“The sons of Shem were Elam, Asshur, Arphaxad, Lud, and Aram … These were the sons of Shem, according to their families, according to their languages, in their lands, according to their nations.” Genesis 10:22, 31
After the confusing of tongues at Babel, the families of man moved away from each other to make new lives for themselves. Some moved north, some south, some west and some east. We know that Nimrod was a leader within the clan of Ham and built many cities in what was later known as Mesopotamia. They included Babel, Erech, Accad, Calneh in the land of Shinar and Nineveh, Rehoboth Ir, Calah and Resen in the land of Assyria. We know that area today as including Iraq, Kuwait and areas of Turkey and Syria.
Archaeological discoveries have shown that the primary worldview of the ancient cities Nimrod built was polytheism: belief in and worship of many gods. In fact, polytheism was the primary worldview of those areas of the world for thousands of years. The people worshipped creator gods, heaven gods, sky gods, earth gods, mother earth gods, water gods, air gods, fire gods, weather gods, king gods, queen gods, gods of the north, gods of the south, gods of the east, gods of the west, wisdom gods, pleasure gods, sex gods, fertility/procreation gods, strife gods, arts and sciences gods, writing gods, agriculture gods, grain gods, harvest gods, shepherd gods, ghost gods, spirit gods, good gods, evil gods,submission gods, health gods, disease gods, planet gods, star gods, moon gods, sun gods, storm gods, love gods, war gods, plague gods, death gods, underworld gods, peace gods, hunting gods, pasture gods, mountain gods, craftsmen gods, carpenter gods, goldsmith gods, boatman gods and many other kinds of gods.
The people gave their gods and goddesses names: Nammu, Anu, Kingu, Utu, Mummu, Enki, Ashur, Abzu, Tiamat, Ki, Kishar, Ishtar, Nimrod, Ninsar, Enlil, Tutu, Aya, Nergal, Nanna, Sin, Tammuz, Gugalanna, Ningikuga, Shara, Ninsar, Marduk, Dagon, Ninlil, Ninshubur, Gilgamesh, Lahmt, Babbar, Nanshub, Baal, Adad, Zababa, El, Ea, Ninurta, Ninhursag, Siduri, Kakka, Zaltu, Hanish, Adad, Ninildu, Ninagal, Lamashtu, Irra, Birdu, Geshtuegod, Ningizzia, Kalkal, to name some of them.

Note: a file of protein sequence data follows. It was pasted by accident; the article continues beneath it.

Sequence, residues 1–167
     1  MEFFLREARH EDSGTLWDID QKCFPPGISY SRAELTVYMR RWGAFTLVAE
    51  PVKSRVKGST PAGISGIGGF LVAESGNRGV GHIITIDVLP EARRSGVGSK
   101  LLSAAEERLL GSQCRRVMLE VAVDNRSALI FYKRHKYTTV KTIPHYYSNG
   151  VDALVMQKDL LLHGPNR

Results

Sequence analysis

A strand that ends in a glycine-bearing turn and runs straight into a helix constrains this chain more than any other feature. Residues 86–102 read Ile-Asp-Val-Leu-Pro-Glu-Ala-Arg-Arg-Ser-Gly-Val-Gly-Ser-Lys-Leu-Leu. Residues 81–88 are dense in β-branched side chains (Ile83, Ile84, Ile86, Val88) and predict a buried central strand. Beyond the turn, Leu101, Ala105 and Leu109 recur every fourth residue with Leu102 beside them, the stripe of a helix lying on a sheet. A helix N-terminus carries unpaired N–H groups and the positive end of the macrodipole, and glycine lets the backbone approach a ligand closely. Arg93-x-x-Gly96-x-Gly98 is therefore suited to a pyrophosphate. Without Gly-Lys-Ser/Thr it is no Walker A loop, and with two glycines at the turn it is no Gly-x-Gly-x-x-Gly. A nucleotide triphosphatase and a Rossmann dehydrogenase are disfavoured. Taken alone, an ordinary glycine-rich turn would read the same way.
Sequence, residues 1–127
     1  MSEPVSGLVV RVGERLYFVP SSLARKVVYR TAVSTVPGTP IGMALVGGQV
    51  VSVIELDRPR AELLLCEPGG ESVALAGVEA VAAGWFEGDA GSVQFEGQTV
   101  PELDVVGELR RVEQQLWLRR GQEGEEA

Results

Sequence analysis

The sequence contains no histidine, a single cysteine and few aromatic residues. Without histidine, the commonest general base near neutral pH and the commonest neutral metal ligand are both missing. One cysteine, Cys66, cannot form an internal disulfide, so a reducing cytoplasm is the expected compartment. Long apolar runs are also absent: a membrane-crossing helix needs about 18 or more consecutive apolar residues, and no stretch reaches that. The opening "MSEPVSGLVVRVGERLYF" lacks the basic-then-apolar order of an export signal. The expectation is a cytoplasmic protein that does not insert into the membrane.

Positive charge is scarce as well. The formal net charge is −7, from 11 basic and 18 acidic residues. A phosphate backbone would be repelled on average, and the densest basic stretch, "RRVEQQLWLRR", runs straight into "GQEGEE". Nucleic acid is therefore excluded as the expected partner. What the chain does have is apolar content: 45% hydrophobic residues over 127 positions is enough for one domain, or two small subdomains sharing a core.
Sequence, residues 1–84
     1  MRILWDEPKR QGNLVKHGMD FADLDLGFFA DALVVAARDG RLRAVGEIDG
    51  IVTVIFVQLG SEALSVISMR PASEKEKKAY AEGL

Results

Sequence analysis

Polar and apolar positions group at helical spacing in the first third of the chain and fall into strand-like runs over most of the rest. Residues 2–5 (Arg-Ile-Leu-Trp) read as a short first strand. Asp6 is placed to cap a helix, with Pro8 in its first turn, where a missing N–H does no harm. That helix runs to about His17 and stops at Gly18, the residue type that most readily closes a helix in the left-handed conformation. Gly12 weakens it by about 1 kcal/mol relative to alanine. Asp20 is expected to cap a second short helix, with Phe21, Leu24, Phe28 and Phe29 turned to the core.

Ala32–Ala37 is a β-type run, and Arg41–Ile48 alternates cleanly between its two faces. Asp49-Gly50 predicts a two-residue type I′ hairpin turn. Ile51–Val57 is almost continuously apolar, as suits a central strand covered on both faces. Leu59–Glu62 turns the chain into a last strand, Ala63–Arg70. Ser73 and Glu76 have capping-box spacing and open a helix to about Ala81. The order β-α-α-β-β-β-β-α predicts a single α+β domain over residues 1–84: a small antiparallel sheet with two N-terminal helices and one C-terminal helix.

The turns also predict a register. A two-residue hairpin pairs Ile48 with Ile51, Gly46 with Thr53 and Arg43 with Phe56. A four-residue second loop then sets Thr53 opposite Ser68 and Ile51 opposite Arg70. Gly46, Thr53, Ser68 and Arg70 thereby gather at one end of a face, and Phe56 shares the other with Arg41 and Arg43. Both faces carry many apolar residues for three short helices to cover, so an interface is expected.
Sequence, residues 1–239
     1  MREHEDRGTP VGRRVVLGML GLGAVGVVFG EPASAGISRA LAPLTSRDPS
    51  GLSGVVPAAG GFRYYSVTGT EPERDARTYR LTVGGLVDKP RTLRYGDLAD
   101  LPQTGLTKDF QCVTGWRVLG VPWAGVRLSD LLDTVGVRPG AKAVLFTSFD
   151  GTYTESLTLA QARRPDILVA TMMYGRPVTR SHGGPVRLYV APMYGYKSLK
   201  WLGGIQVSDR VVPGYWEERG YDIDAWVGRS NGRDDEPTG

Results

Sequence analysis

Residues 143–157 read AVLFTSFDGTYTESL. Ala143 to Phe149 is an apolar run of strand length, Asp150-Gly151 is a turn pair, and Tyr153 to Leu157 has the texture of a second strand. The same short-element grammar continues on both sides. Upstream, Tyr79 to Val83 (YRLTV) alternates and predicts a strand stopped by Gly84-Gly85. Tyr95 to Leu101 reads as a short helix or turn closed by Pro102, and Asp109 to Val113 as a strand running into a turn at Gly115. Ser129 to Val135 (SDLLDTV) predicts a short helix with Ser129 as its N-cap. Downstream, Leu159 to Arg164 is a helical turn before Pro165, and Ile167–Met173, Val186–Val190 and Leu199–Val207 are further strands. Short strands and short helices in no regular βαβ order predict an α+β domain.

Those early polytheists developed systems of sacrifices and rituals they believed were essential in getting the gods to behave favorably toward them; possibly based on what they knew about the sacrifices of Noah and his sons after the Flood. Some of the people acted as priests who carried out sacrifices and rituals to the gods; again, possibly based on how Noah carried out the work of sacrificing to God on behalf of his family. People carved images of their gods from wood, stone, metals, ivory and other materials.
Quoting from an article on the British Museum website:
“The people of Mesopotamia were polytheistic and believed that every aspect of their world was controlled by supernatural forces. The great gods dominated religion in ancient Mesopotamia and many gods maintained their importance throughout the region’s history. Cities and kingdoms were believed to be protected by individual gods and it was the duty of the ruler to act on the god’s behalf, building temples and performing ceremonies to gain their blessings. Each person had his or her own personal gods (male and female) and smaller shrines have been discovered, for example at Ur, where ordinary people worshipped. Personal gods or major deities and could withdraw their support, which would lead to misfortune for the individual or even the entire kingdom. Prayers and offerings were made to prevent this happening and divination was practised to discover the will of the gods.”
Monotheism –> Atheism –> Polytheism –> ???
So far we’ve seen the families of the earth go from Monotheism to Atheism, back to Monotheism, then to Polytheism. As best we can tell from both the Bible and archaeology the people of the world were polytheistic by the third millennium B.C. Was there anything God could do to lead people to believe solely in Him again? What would He do to re-introduce monotheism as a viable worldview? We’ll see next time as we continue our look at The Church Under Attack.
“Scripture taken from the New King James Version®. Copyright © 1982 by Thomas Nelson, Inc. Used by permission. All rights reserved.”